China could ban PlayerUnknown's Battlegrounds
Too much violence and political dissent for ChinaBy Greg Synek 12 comments
Rising up the charts and quickly making battle royale games popular and inspiring similar games, Player Unknown's Battlegrounds may prove too controversial for China. In a statement from a Chinese gaming association, the game has been deemed excessively violent and bloody for sale in China.
A main concern for officials is that a fight to the death game goes against core values of socialism and could be detrimental to maintaining a unified country. PUBG is not at all likely to receive a required license for deployment of the finished game in China. Arguably, the in-game violence is not all that much of a problem and the issue is strictly political because other games with more violence have gone untouched.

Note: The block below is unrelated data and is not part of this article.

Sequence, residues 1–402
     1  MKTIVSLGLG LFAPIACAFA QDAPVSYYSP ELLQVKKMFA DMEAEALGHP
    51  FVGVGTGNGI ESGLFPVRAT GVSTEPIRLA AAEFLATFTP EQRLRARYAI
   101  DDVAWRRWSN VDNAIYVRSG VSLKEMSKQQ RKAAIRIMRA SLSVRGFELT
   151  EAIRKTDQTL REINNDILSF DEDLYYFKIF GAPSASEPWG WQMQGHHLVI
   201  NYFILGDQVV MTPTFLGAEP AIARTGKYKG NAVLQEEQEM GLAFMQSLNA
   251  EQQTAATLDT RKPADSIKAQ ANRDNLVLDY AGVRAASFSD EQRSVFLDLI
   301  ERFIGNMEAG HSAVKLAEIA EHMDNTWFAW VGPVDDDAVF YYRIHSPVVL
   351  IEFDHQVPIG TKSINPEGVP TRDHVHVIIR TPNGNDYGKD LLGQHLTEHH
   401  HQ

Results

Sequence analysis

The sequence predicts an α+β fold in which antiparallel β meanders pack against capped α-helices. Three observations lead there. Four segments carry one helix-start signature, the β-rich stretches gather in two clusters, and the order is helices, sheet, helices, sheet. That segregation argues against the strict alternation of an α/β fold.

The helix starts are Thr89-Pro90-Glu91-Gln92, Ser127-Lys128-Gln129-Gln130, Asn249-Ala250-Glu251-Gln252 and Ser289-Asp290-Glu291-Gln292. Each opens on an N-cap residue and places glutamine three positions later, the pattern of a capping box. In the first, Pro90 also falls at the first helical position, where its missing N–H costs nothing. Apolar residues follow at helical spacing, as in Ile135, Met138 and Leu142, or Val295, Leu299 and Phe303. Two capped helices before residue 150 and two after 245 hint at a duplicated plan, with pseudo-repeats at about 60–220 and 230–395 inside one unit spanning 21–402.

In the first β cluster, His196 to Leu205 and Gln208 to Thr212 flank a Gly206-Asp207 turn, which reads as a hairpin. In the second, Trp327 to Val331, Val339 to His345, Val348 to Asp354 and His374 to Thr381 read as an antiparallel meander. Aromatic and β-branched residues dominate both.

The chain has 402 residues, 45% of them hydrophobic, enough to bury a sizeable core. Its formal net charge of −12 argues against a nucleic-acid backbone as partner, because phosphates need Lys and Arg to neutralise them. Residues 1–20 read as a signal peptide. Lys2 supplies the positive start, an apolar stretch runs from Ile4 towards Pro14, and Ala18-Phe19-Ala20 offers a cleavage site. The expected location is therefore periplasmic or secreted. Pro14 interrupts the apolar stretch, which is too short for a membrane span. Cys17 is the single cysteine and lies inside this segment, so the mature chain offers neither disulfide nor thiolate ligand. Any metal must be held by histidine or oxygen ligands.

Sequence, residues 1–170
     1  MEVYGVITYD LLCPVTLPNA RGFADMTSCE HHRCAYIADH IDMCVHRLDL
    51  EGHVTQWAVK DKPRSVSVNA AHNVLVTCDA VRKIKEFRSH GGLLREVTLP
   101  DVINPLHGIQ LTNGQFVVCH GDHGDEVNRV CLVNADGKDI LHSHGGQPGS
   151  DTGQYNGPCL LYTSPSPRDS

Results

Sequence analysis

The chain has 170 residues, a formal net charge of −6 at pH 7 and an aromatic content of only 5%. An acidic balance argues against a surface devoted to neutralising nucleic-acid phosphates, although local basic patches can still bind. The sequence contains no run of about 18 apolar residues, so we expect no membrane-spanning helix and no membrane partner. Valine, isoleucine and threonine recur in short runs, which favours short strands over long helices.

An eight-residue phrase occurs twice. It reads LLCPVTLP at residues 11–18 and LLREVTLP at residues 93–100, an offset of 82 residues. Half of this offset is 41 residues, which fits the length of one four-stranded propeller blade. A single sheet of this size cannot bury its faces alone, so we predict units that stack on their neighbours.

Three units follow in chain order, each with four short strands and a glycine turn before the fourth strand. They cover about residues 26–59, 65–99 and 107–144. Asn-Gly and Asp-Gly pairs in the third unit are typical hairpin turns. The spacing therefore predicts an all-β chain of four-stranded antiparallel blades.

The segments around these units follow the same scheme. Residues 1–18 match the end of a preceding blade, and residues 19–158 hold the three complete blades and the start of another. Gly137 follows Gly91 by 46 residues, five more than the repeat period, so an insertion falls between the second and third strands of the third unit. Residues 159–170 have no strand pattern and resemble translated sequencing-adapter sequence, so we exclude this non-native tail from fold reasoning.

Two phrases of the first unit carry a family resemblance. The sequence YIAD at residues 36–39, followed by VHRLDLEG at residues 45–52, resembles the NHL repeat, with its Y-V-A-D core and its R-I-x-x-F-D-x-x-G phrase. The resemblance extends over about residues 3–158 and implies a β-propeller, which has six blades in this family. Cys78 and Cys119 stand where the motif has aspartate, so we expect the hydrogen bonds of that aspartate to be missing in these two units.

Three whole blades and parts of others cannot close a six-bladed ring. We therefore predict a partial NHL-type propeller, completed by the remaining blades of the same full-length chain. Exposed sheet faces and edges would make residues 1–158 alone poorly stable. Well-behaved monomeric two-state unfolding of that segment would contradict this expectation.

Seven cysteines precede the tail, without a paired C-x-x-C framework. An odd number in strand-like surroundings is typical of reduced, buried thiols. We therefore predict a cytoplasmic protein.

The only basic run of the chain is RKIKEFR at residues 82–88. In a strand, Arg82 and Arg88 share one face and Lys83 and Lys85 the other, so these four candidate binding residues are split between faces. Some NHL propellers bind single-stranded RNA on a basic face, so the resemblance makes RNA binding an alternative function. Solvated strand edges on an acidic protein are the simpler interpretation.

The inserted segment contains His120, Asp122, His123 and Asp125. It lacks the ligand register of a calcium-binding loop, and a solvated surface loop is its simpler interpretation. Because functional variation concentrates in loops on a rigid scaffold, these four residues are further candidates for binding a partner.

While China is a huge market for PUBG's South Korean developer Bluehole, it will not be a total loss. Selling over 13 million copies to date, Bluehole has grossed nearly $400 million on a game that is still in pre-release phase. With Xbox One and One X consoles and possibly other consoles set to receive PUBG later this year, there is still an enormous amount of room for growth.
Although it may be unfortunate for Chinese residents, there is very little that Bluehole could do in attempt to appease Chinese regulators. The fundamentals of the game can not be changed enough to please officials without ruining the game experience for the players.